Speed: a team man who gave his all
Midfielder's adaptability and resilience allowed him to play 17 seasons in English game's top flight
Glenn Moore is Football Editor for The Independent and a Uefa B licence holder. Glenn has worked for the Independent newspapers since 1993, initially as cricket correspondent of the Independent on Sunday, subsequently as football correspondent of The Independent before becoming football editor in 2004.
Monday 28 November 2011
Gary Speed was one of those unflashy, unspectacular players whose value is most apparent when they are not playing. In Speed's case, such absences were also noticeable because they were so unusual.
Rarely injured, infrequently suspended and so consistent he was hardly ever dropped, Speed's name was one of the first on the teamsheet throughout his long professional career. His first match came when he was a teenager, his last in his 40th year, and most were in the Premier League. For 17 successive seasons, with Leeds United, Everton, Newcastle United and Bolton Wanderers, he never made less than 24 top-flight league appearances and played three-quarters of the programme on all but two occasions. In 2006-07, at the age of 37, he played a full league season for Wanderers, still looking to go box-to-box, though now using his experience to compensate for advancing years.
Fifteen seasons earlier, Speed had missed just one match in a season when Leeds became the last champions of the old Football League. Then, playing in a left-sided role, he provided the legs in a midfield quartet that also featured Gordon Strachan, Gary McAllister and David Batty. This was, surprisingly, to prove the only senior honour of his career, although he later collected runners-up medals in the FA Cup (Newcastle in 1998, 1999) and Football League Cup (Leeds in 1996 and Bolton in 2004).
When recalling what Speed was good at, his athleticism inevitably comes to mind, but there was a lot more to him than the ability to run and run. From an attacking perspective, he had a fine left foot, was excellent in the air – especially so given he was 5ft 10in – and timed his runs into the box to telling effect. A steady source of goals throughout his career, he scored in 20 successive league seasons and averaged a goal every six games. Defensively, he was disciplined and knew how to tackle. He was, in short, a very good example of the modern midfielder.
While lacking the exceptional gifts that would have won him a place at one of the elite clubs, his all-round ability, lack of weaknesses and belief in the team ethic meant he was always in demand.
Born in north Wales, Speed attended the same Flintshire school as Michael Owen. Signed by Leeds as a trainee, he was given a debut by Howard Wilkinson, under whom he won a Second Division championship medal. The First Division title followed but Leeds failed to build on that success and he moved to Everton, his boyhood team, for £3.5m in 1996. He scored some important goals as Everton narrowly avoided relegation, and was made club captain, but left under a cloud when he unexpectedly signed for Kenny Dalglish's Newcastle in early 1998, for £5.5m. Into his 30s he would play a significant role as Newcastle achieved a trio of top-five finishes under Sir Bobby Robson, before moving to Bolton for £750,000.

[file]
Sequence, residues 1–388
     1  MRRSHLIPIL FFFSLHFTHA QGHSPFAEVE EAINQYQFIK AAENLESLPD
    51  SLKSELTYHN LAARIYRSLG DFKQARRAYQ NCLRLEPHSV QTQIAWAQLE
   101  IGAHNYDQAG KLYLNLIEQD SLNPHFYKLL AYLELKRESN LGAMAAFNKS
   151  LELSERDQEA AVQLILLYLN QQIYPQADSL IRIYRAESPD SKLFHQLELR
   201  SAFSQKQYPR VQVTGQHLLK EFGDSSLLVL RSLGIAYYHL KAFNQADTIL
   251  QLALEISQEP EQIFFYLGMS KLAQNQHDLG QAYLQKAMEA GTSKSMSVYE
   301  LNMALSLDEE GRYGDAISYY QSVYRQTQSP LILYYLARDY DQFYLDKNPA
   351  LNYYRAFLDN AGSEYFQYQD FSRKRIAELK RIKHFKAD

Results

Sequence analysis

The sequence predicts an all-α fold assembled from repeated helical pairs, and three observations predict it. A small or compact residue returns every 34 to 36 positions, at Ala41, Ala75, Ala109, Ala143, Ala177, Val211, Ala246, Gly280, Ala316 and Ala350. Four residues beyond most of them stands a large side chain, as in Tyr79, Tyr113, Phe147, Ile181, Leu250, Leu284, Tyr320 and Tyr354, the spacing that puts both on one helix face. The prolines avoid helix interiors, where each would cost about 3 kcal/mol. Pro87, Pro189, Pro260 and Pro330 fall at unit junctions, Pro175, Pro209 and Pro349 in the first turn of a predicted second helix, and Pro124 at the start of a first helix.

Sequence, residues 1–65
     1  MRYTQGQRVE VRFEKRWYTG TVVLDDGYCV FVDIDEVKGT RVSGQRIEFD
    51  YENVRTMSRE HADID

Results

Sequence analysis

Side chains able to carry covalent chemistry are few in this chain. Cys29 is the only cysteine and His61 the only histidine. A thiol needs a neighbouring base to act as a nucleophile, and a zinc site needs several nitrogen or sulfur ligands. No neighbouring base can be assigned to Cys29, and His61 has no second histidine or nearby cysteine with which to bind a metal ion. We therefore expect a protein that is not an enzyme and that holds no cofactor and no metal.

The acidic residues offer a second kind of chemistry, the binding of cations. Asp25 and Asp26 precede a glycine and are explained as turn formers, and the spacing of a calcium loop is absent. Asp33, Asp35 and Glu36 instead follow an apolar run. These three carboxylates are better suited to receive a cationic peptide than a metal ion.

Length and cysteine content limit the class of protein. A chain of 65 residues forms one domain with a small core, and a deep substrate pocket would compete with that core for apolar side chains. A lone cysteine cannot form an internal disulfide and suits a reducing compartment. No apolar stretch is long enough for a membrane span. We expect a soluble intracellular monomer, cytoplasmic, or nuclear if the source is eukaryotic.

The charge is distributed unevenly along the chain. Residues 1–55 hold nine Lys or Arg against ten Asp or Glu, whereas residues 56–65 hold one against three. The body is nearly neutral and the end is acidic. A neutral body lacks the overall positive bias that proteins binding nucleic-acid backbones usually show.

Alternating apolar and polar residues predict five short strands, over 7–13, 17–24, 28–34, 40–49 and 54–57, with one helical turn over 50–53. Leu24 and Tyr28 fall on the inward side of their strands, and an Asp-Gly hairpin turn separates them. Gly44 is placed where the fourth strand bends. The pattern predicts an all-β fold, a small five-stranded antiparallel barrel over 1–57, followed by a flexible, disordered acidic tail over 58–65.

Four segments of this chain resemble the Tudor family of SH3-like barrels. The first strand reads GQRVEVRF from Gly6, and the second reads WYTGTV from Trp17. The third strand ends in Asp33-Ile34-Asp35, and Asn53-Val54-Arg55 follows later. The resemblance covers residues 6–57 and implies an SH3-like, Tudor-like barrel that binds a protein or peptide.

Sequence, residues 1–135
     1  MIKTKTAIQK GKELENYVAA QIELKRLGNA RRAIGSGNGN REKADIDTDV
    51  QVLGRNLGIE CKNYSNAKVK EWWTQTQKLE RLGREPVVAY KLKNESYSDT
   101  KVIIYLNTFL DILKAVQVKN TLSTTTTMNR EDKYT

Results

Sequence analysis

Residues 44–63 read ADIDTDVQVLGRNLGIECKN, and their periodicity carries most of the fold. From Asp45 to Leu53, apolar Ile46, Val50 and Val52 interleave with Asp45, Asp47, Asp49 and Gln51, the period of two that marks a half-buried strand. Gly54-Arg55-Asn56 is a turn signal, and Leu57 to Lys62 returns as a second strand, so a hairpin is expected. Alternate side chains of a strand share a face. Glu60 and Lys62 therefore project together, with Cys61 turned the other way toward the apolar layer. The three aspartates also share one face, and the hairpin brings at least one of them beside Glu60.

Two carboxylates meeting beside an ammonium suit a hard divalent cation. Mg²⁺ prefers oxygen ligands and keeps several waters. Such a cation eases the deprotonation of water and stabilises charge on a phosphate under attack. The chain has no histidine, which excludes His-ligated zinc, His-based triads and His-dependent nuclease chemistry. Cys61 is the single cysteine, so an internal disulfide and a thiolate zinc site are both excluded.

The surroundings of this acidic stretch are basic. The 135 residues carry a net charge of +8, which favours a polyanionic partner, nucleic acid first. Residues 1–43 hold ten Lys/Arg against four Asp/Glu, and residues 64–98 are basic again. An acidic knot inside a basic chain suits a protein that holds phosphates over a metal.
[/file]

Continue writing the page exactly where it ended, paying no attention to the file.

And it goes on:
Changing from a team managed by Bobby Robson to one led by Sam Allardyce meant another switch in playing style for the midfielder but he adapted again, with Bolton maintaining a top-eight place.
In January 2008, he finally dropped out of the top flight, joining Sheffield United for £250,000. He played regularly for 11 months until suffering a back injury which eventually prompted retirement.
By then, he had moved into management, initially as a coach at Bramall Lane, building on a brief period in that role at Bolton. After Kevin Blackwell was fired early in the 2010-11 season, Speed was asked to take over. He was not immediately successful and when the Welsh FA targeted Speed, who won 85 Welsh caps as a player, taking his career total to 925 senior matches, it was a move that suited all parties.
International management seemed to suit Speed, for he oversaw a significant improvement in Welsh fortunes. Having been 112th in the Fifa rankings when he took over, Wales rose to 45th last month, the highest ranking since 1995. An improving team, benefiting from young talent, exemplified by the likes of Gareth Bale and Aaron Ramsey, were playing with freedom and confidence under Speed and, until yesterday's dreadful news, had been looking forward with enthusiasm to the 2014 World Cup qualifiers.
Gary Speed: life and times
Born 8 September, 1969, Mancot, Flintshire
1988-96 Leeds United:
248 games, 39 goals
58 games, 15 goals
1998-2004 Newcastle United: 213 games, 29 goals
2004-08 Bolton Wanderers: 121 games, 14 goals
2008-10 Sheffield United: 37 games, 6 goals
85 caps for Wales, 7 goals
(All with Leeds United)
1990: Second Division title
1992: First Division title and FA Charity Shield
1988 Signed professional contract with Leeds, making his debut against Oldham aged 19 December 2006 Became the first player to make 500 Premier League appearances when he featured in Bolton Wanderers' 4-0 victory over West Ham
August 2007 His goal against Reading made him the only player to have scored in every Premier League season, an achievement later matched and extended by Ryan Giggs
August 2010 Named Sheffield United manager after retiring as a player three months earlier
February 2011 Managed Wales for the first time, beating the Republic of Ireland 3-0 in the Carling Nations Cup. Recorded third win in a row and fifth in seven matches in his last game in charge in November, a 4-1 friendly victory over Norway
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